Have you ever taken a class in which the instructor said you were going to do a high-intensity interval effort but didn’t tell you how long it would be? As a result, you didn’t know how hard you should push for fear that you wouldn’t last the whole time.
Or even worse, suppose that instructor had said you were going to do an all-out effort (implying a very, very high intensity) for 30 seconds, and then when you got there completely breathless, she said, “Just kidding, keep going another 30 seconds!”
How did you feel? Were you able to give the required effort for that duration? Or did you feel your intensity wane as the seconds ticked on?
Chances are, you did not have what was needed to continue that effort, if during the first 30 seconds you gave everything you had. Therefore, the second half was not as effective as it could have been. It produced a high level of fatigue without targeting the desired metabolic system properly. It also may have caused you to be unable to perform the next interval at the desired high-intensity level.
If your instructor has a history of “just kidding” every time she asked for hard intervals, you would probably always hold back and therefore rarely attain the desired benefits of the high-intensity efforts. Oh sure, you might burn a few calories and breathe hard, but as you’ve learned here at the Indoor Cycling Association, not all intervals are created equal. Different intensity levels reap different metabolic and physiological rewards and you should target your interval duration and intensity level based on the adaptations you are seeking. (For more, please read the articles in the interval series listed at the end of this article.)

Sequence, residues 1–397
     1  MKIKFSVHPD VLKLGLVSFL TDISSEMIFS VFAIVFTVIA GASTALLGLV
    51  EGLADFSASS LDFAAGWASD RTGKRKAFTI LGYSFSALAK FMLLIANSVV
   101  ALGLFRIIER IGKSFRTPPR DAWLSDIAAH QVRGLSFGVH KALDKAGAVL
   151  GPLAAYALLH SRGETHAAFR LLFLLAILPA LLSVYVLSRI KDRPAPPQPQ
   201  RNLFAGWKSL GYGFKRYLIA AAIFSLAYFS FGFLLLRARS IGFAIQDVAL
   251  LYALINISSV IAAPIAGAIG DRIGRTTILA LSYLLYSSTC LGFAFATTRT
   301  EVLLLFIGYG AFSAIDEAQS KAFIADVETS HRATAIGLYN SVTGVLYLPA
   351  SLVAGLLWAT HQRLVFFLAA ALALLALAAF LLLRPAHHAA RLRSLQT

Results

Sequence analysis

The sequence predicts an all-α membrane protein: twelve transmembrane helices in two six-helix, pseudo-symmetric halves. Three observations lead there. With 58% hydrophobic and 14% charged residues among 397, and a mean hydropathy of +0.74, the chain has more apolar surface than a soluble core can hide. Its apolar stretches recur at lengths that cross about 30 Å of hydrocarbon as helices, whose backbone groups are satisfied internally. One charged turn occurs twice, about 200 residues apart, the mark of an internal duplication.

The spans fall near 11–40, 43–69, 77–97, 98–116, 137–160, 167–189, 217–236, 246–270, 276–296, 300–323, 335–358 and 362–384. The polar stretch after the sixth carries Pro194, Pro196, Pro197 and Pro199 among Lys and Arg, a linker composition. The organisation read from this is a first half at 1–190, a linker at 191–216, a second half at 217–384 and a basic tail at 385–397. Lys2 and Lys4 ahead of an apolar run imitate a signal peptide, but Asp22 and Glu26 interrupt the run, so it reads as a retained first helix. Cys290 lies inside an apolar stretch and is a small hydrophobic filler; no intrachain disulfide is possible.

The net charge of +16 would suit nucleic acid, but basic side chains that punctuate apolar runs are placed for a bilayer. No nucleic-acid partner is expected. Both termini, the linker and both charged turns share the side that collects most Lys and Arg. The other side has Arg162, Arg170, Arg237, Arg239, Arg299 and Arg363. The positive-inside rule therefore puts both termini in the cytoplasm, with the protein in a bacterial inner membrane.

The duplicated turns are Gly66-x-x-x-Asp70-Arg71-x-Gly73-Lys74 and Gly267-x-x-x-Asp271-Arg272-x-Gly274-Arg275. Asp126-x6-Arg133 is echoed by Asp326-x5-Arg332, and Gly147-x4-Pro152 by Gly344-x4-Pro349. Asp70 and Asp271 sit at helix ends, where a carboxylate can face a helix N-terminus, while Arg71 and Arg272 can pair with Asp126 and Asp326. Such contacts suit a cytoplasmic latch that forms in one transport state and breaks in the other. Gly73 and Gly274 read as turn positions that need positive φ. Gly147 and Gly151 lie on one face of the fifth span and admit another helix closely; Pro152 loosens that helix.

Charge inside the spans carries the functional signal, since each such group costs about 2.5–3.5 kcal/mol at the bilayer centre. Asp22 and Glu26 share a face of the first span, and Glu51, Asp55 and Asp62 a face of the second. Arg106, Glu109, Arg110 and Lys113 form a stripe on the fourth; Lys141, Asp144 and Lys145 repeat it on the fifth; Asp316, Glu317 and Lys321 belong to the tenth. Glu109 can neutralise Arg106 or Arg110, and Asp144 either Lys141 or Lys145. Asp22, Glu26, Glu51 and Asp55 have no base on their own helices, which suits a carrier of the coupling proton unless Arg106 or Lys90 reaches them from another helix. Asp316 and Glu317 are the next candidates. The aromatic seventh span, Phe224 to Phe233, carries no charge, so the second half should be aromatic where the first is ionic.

Now, I will admit to occasionally asking my students to continue pushing longer than I originally had asked them, but only when working below threshold. I might do this on a hill, where we are surging through a hard section for a minute or two. When they’re working sub-threshold, they haven’t emptied their tank and will have a little more to give. As a result, they won’t fear pushing a little longer and I will not have betrayed their trust. This mimics an outdoor ride where you turn a corner and you see the hill goes on longer than expected. No problem—it may be hard but you’re still able to put out a little more without dying. These are the real-life situations you can prepare your riders for, whether cycling, running, or other endurance sports.
However, when you are asking for high-intensity efforts above lactate threshold, above FTP, your riders are now on a backward-ticking clock. Depending on how much above threshold you are asking for, riders might only be able to endure that effort for 3 minutes, 1 minute, 30 seconds, or even just 15 seconds in an all-out explosive power effort. The higher you go, the shorter the duration. Therefore, it is not only unreasonable (and physiologically unwise) to ask for more, but they will also lose any trust they have for you and your coaching.
So now let’s discuss how to prepare your riders for the intervals ahead, how to coach them through the intervals using perceived exertion, how to coach with power in successive intervals (especially for those who may have power meters but don’t perform FTP tests), and what might happen if you don’t cue this way.
Basic Rule of Thumb When Cueing Intervals
When coaching any kind of intervals, make sure you let your students know the following:
Losing your students’ trust in anything can cross over to other areas of your teaching. The last thing on earth you want is for a student to ponder, “What else might he or she lie about?”
Please read these articles on interval training and metabolic adaptation at various intensities: